The big winners of the ongoing property boom are the state governments. In NSW alone, stamp duty on residential property soared almost 10% to $6.8 billion over 2015–16 and this is expected to grow by about 6% a year for the next three financial years.
But the NSW Government is still concerned about the interest in property from foreign buyers. It announced in its budget this year that it will increase the foreign investor surcharge on housing stamp duty to 8% from 4% and add a 2% surcharge to land tax.
Whether this will take some of the heat out of the Sydney property market or just add more to the government’s coffers will be the big question.
FIRB working overtime
Foreign investment rose 25.9% nationally in 2015–16 and property represented 49.2% of this spending, according to the Foreign Investment Review Board’s (FIRB’s) annual report. The FIRB approved $247.9 billion worth of proposed investments across all industry sectors and property reached $122.1 billion – $72.4 billion for residential and $49.7 billion for commercial.
Foreign investors must apply to the FIRB to buy residential property, or in some cases a developer can apply on behalf of foreign buyers for an off-the-plan project. Non-residents can only buy new or off-the-plan properties after being granted FIRB approval.
China was the source of the most demand, with Chinese nationals applying to invest in residential and commercial property worth $31.9 billion. This was 31% above the $24.3 billion in 2014–15, and up 157% from the 2013–14 financial year.
Total value of property approvals
by country of investor
Residential and commercial 2015–16
Foreign buyers still active
The National Australian Bank (NAB) Residential Property Survey estimates the proportion of foreign buyers in the market for new properties was broadly unchanged in the first quarter of 2017 compared with the final quarter of 2016. Foreign buyers had an estimated 10.8% share of all new property sales nationally, compared with 10.9% in the final quarter of 2016, but down from the 16.8% in the third quarter of 2014.
Foreign buyers were noticeably less active in Victoria, where their share of total sales fell to an estimated 13.8% from 19.3% in the fourth quarter of 2016. In contrast, they played a bigger role in NSW, with their share rising to an estimated 11.6% from 8.1% in the previous quarter.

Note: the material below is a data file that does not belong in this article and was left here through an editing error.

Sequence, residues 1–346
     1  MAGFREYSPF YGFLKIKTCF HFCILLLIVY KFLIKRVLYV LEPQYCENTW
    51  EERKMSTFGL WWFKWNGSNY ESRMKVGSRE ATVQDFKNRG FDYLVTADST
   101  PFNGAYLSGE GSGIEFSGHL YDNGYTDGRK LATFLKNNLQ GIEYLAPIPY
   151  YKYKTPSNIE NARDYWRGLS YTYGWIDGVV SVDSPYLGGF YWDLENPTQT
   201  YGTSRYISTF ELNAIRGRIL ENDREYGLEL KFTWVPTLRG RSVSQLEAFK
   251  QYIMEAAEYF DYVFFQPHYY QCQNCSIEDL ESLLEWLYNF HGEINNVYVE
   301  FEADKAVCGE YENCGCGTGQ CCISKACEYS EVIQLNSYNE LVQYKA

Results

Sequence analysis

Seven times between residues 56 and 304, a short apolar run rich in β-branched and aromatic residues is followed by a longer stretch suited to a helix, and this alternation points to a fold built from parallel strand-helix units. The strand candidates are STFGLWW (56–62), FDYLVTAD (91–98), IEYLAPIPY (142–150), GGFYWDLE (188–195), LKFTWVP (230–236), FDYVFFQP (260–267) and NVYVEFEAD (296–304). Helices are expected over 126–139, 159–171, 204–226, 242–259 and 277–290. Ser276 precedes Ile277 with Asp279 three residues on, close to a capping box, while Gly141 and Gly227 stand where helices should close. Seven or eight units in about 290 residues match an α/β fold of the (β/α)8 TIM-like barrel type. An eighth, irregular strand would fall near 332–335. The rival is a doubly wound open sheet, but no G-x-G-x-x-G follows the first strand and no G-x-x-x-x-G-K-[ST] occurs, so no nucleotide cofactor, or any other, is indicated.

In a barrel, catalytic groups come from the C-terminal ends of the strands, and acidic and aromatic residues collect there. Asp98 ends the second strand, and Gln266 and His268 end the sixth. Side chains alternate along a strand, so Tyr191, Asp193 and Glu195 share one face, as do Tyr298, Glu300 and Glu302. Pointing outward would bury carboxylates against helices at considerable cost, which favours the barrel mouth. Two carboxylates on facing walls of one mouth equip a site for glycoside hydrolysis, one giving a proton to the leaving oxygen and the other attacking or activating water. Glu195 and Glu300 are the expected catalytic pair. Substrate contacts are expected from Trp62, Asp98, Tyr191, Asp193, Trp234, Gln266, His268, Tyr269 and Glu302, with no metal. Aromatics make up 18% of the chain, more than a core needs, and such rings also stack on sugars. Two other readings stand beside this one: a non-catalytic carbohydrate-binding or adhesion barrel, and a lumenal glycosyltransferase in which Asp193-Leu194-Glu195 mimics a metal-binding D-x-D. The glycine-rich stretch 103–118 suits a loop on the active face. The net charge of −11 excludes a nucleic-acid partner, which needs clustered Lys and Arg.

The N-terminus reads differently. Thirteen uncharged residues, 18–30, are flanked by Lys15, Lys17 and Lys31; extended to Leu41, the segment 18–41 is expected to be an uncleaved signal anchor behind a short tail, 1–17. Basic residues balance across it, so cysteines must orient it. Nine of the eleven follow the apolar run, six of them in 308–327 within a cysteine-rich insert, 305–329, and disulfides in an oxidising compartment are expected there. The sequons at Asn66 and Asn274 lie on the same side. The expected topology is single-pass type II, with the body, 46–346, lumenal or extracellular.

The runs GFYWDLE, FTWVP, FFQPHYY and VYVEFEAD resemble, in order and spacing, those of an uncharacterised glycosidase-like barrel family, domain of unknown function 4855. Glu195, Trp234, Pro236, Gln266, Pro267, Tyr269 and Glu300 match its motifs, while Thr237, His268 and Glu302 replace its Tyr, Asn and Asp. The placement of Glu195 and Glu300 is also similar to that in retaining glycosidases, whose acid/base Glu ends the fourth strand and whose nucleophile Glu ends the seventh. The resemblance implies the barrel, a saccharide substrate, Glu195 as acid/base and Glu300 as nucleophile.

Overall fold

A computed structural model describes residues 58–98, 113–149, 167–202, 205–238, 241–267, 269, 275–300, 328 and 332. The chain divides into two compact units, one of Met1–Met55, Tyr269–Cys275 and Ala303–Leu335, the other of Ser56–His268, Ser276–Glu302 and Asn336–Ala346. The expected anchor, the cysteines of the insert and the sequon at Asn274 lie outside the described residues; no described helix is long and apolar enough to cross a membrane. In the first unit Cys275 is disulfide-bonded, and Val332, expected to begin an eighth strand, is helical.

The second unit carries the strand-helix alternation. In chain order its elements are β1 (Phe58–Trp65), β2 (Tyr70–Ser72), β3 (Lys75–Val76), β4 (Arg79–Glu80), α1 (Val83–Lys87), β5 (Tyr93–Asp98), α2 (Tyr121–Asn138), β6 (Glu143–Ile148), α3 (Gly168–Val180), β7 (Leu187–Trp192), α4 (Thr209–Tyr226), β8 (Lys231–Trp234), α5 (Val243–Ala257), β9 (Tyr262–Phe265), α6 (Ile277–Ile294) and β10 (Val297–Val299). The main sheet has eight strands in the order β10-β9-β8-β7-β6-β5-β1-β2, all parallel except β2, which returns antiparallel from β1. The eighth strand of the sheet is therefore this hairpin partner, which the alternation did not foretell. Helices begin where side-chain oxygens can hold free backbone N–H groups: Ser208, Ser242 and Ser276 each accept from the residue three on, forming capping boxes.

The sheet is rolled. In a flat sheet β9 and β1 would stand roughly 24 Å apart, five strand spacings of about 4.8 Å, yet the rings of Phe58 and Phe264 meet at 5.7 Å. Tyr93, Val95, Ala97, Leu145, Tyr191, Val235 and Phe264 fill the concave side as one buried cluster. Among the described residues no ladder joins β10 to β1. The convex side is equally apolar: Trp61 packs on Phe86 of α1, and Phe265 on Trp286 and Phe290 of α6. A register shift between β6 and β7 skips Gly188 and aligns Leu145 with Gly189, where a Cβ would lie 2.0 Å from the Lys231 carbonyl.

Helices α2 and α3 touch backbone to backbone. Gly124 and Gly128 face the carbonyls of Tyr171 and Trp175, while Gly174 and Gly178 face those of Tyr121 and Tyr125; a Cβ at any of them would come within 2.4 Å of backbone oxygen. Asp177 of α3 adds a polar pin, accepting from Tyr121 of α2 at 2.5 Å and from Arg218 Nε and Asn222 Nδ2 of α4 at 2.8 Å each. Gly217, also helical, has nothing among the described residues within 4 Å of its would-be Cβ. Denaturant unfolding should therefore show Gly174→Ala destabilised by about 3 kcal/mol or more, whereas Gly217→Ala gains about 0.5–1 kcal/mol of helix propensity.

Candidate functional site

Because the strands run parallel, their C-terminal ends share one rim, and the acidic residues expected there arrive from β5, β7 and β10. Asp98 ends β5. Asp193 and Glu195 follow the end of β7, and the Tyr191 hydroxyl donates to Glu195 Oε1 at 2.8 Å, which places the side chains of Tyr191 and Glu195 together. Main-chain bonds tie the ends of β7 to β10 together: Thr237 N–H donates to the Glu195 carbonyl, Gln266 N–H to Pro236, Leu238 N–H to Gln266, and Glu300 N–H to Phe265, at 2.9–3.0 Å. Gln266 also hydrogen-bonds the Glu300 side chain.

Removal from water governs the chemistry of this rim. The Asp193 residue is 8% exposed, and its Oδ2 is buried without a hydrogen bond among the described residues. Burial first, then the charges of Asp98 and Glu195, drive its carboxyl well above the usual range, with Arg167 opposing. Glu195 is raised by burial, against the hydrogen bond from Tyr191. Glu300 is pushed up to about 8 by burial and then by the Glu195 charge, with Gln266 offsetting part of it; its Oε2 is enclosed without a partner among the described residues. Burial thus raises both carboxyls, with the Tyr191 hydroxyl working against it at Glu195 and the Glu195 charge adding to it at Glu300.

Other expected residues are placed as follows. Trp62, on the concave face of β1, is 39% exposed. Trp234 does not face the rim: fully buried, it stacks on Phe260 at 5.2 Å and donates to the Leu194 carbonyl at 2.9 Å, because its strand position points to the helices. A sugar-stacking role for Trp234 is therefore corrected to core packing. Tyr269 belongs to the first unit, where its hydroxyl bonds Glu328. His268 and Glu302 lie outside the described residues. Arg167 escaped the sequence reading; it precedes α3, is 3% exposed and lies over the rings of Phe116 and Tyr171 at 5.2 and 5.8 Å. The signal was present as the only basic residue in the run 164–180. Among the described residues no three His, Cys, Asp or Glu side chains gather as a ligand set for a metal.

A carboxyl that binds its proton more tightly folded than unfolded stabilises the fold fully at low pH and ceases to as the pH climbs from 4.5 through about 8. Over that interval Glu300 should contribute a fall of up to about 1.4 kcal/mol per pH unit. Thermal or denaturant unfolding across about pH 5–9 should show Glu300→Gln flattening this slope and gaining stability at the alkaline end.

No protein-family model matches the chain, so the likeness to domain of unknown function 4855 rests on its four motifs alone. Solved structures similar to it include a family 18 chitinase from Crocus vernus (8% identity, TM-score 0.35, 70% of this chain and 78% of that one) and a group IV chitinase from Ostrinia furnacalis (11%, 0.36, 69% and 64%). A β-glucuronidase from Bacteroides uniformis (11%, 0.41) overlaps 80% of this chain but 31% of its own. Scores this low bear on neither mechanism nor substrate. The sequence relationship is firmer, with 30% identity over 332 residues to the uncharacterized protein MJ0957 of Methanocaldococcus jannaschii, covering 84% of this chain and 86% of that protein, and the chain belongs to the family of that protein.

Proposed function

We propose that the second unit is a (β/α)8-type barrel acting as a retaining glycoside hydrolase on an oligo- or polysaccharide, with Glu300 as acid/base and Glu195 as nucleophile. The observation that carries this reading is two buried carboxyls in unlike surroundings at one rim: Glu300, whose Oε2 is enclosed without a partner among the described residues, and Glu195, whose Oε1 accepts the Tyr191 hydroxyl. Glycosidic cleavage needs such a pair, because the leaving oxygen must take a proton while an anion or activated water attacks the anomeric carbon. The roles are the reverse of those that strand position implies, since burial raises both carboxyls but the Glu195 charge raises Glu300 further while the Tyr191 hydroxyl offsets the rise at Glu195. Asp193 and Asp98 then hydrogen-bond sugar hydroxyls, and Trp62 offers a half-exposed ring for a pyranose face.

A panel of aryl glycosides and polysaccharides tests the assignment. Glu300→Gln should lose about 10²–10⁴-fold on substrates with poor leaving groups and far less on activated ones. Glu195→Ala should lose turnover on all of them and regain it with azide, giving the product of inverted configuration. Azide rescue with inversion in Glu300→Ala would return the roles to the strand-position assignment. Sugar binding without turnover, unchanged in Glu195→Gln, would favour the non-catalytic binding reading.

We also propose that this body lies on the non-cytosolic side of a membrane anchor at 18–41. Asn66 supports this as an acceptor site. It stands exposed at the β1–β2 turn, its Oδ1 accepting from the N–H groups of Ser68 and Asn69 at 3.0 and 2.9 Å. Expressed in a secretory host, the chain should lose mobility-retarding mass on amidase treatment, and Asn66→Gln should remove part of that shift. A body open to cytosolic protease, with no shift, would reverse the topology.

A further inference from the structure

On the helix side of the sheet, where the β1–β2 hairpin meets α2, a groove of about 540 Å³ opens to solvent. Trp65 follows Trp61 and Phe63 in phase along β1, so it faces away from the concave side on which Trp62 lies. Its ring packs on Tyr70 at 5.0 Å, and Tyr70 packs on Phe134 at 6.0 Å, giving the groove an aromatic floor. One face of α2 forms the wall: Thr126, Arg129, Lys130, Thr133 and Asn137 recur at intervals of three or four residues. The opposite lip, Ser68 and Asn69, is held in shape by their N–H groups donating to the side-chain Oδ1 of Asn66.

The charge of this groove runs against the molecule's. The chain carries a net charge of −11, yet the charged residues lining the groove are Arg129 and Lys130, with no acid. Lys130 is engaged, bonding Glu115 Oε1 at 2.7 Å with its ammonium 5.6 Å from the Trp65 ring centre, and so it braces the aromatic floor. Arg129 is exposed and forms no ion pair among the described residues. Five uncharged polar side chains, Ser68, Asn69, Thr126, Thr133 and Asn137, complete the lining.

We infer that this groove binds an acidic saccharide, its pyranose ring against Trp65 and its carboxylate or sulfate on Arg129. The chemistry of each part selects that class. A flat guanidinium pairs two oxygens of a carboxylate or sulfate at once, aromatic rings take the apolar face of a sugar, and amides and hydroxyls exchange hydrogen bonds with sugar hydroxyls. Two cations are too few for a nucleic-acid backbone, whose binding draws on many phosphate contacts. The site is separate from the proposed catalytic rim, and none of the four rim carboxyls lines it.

Healthy demand fuelled a 2.2% price rise in the capitals for the first quarter of 2017. There were gains of 3.4%, 3.1% and 3.0% in Hobart, Melbourne and Sydney, which were offset by declines of 1% and 0.9% in Perth and Darwin, Australian Bureau of Statistics (ABS) data shows. Prices grew by 4.1% in the final three months of 2016.
Demand for property from foreign buyers
% of total
By price, 25% of the apartments bought by foreigners cost less than $500,000 and 45% between $500,000 and $1 million. About 18% were worth $1 million to $2 million, 8% worth $2 million to $5 million and almost 5% over $5 million.
Residential development sites
Ninety per cent of the residential FIRB approvals in 2015–16 ($65.2 billion) were for proposed property developments. Victoria was the most popular state, with $24.7 billion approved, followed by NSW with $17.9 billion.
Interest in Queensland sites rose 205% on the previous year, with $16.4 billion of proposed investment, while Western Australia recorded $3.3 billion.
Analysis by Knight Frank shows that proposed foreign investor purchases of development sites with higher-density potential fell in value by five percentage points to 46% for the five major cities in 2015–16.
Foreign investors in potential higher
density development sites by value
By total volume sales, 2015–16
Foreign investors bought 48% of residential sites in greater Sydney, down from 55%. In greater Melbourne, the figure was 46%, up from 37%.
Proposed investment in new residential property for individuals rose 34% in 2015–16 to $19.3 billion, made up of 26,052 approvals. This is almost six times more than in 2012–13 when 4,499 approvals were valued at $2.9 billion.
FIRB applications for new residential property
– individual purchases
$ billion total value and number of proposals